Navy facing 'alarming' deficiencies in combat readiness, lawmaker says
By GEOFF ZIEZULEWICZ | STARS AND STRIPES Published: July 14, 2011
NAPLES, Italy – More than a fifth of Navy ships fell short of combat readiness in the past two years, and fewer than half of the service’s deployed combat aircraft are ready for their mission at any given time.
With an ascendant China on the high seas and a potential $400 billion in Defense Department budget cuts over the next decade, the Navy is facing “glaring deficiencies that are nothing short of alarming,” the ranking member of the House’s Readiness Subcommittee said at a hearing this week.
The Navy’s deployed ships spend nearly 40 percent of their time under way with at least one major equipment or system failure, according to U.S. Rep. Randy Forbes, R-Va., chairman of the subcommittee, which falls under the House Armed Services Committee.
The Navy’s lack of readiness is troubling, he said.
Forbes, citing the Pentagon’s quarterly defense review submitted to Congress, said the fleet is suffering a nearly 16 percent backlog for aircraft and engines, fewer available spare parts and more than $815 million in unfunded maintenance requirements.
“Our Navy already has insufficient resources to preserve its current fleet,” Forbes said at Tuesday’s hearing. “In many areas, the Navy has not meet their goals and is not prepared even with their current level of funding.”
Even with the wars in Iraq and Afghanistan winding down, “our Navy’s role in projecting force across the globe will not decrease,” ranking Democrat Madeleine Bordallo (Guam) said at the hearing. “Maintaining our fleet is of the utmost importance.”
While no final decisions have been made by Pentagon or Navy officials about how much the service will trim from its annual budget, The Hill reported this week, citing industry sources, that the Navy “has been told to expect a $10 billion funding cut for 2013.”
The service requested $161.4 billion in baseline funding for 2012, according to The Hill.
Testifying before the committee, Vice Adm. William Burke, deputy chief of naval operations for fleet readiness and logistics, echoed the refrain of other service leaders after a decade of war: resources have been stretched thin.
Combatant commanders are “relatively unconstrained” in the forces they request, but the Navy has “a limited supply of forces,” Burke said.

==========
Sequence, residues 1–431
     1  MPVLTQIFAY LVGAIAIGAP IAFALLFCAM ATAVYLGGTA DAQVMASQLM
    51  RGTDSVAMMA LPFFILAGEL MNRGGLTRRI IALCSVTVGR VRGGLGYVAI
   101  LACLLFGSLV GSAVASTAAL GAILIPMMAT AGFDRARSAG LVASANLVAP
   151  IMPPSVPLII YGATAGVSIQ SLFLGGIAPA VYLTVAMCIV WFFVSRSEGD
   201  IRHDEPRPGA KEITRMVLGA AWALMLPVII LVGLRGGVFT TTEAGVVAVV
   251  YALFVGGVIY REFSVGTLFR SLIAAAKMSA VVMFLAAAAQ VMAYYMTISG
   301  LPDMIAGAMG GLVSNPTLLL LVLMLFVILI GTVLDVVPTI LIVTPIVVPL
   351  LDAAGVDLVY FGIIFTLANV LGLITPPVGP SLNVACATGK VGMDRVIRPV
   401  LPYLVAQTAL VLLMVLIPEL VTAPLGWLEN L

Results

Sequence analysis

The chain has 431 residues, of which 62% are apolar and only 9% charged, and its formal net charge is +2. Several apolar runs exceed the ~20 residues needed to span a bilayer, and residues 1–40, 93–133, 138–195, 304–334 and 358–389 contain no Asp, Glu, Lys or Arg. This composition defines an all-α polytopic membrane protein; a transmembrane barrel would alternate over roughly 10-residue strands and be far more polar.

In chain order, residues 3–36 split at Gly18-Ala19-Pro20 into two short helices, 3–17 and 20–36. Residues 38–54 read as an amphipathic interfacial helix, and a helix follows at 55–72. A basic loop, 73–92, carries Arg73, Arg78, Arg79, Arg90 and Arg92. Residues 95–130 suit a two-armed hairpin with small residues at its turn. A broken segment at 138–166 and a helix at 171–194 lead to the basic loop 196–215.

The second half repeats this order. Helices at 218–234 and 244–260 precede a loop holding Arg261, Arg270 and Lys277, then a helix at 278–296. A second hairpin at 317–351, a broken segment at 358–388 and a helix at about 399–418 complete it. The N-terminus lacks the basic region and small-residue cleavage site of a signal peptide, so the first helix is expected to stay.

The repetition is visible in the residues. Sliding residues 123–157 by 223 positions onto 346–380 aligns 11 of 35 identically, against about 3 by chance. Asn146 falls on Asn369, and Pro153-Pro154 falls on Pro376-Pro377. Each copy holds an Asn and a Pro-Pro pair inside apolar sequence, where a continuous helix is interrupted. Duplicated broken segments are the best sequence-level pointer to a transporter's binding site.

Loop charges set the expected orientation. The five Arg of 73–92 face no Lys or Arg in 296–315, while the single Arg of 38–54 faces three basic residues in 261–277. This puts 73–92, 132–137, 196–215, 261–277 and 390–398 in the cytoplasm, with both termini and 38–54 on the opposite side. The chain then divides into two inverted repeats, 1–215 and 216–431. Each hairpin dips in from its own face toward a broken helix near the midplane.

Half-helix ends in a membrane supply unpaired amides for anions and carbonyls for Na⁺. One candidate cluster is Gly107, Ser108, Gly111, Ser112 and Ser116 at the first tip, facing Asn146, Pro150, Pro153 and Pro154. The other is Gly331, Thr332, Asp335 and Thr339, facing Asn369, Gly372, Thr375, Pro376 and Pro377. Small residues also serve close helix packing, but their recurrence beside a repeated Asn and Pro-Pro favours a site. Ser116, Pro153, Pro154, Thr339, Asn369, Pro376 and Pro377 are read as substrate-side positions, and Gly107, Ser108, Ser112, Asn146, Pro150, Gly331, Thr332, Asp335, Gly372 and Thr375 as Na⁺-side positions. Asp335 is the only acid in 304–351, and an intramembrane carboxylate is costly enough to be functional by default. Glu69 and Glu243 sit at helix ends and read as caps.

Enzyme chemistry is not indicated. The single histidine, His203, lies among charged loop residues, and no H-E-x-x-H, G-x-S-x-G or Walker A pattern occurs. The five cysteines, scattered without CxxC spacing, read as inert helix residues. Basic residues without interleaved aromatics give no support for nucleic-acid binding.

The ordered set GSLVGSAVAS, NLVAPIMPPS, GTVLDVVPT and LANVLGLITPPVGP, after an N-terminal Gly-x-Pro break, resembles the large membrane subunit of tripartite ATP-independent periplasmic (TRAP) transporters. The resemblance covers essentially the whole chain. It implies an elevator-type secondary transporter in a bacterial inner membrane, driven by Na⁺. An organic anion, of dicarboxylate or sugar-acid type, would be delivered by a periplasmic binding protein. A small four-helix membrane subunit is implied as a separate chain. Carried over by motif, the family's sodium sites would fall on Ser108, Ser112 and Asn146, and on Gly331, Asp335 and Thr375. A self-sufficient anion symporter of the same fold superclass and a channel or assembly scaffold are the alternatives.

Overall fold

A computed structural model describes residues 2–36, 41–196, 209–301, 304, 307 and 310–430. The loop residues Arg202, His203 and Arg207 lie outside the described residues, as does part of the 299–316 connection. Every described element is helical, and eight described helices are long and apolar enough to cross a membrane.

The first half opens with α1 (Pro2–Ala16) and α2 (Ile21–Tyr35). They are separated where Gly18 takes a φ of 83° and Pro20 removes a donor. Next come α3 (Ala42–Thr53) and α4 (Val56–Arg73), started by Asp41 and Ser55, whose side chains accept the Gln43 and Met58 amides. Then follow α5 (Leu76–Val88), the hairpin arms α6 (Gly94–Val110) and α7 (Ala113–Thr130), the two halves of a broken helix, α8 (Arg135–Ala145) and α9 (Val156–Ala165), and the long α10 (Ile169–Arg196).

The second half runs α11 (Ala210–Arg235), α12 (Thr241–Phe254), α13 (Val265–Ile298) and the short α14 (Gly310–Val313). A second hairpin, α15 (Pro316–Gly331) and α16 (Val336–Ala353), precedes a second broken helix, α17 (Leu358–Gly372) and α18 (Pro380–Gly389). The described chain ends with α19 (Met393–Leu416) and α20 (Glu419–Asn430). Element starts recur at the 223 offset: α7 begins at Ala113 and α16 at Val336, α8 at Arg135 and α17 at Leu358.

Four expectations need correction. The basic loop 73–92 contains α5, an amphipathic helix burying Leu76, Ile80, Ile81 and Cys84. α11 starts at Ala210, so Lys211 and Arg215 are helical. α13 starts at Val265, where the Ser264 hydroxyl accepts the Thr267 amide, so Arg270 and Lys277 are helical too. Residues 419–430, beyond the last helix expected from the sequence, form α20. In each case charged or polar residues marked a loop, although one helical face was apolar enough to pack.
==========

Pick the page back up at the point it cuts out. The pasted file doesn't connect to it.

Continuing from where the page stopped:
“When you have these additional deployments, you sometimes impact the maintenance, or you impact the training, which will impact the maintenance,” he said. “So what we have is one event cascading into another, so we don’t get either of them quite right.”
On the personnel side, an average of 50 ships a year since 2005 have violated one or more Navy or Pentagon standards such as deployment length or dwell time, Burke said, compared with an average of five a year before 2005.
Vice Adm. Kevin McCoy, commander of Naval Sea Systems Command, said that 50 percent of surface ships are under way at any given point, and, as ships age, maintenance needs increase.
It’s unclear how the Navy will solve the problem of older ships in light of increased obligations and a more economically austere environment, said Raymond Pritchett, an analyst of naval affairs who blogs for Informationdissemination.net.
Part of the blame for the fleet’s current state can be attributed to the “procurement holiday” of the 1990s and the attempt to run the Navy as a business under former Defense Secretary Donald Rumsfeld, Pritchett said. Commanders were lauded for doing more with less.
The case of the cruiser USS Chosin illustrates the challenges the Navy faces in maintaining aging ships. Now in dry dock in Hawaii, the ship’s maintenance was supposed to cost $35 million, but has jumped to $70 million after inspections.
“The only ships that seem to be making their maintenance windows are carriers and subs,” Pritchett said.
When Forbes asked if the Navy had a plan as to how it would improve the rate of ships failing inspection -- 22 percent of the 285-ship fleet have failed inspection so far in 2011 -- McCoy said the service did not have that question figured out.
“We’re trying to figure out exactly what those key measures of success are going to be and how long it’s going to take to get there,” he said.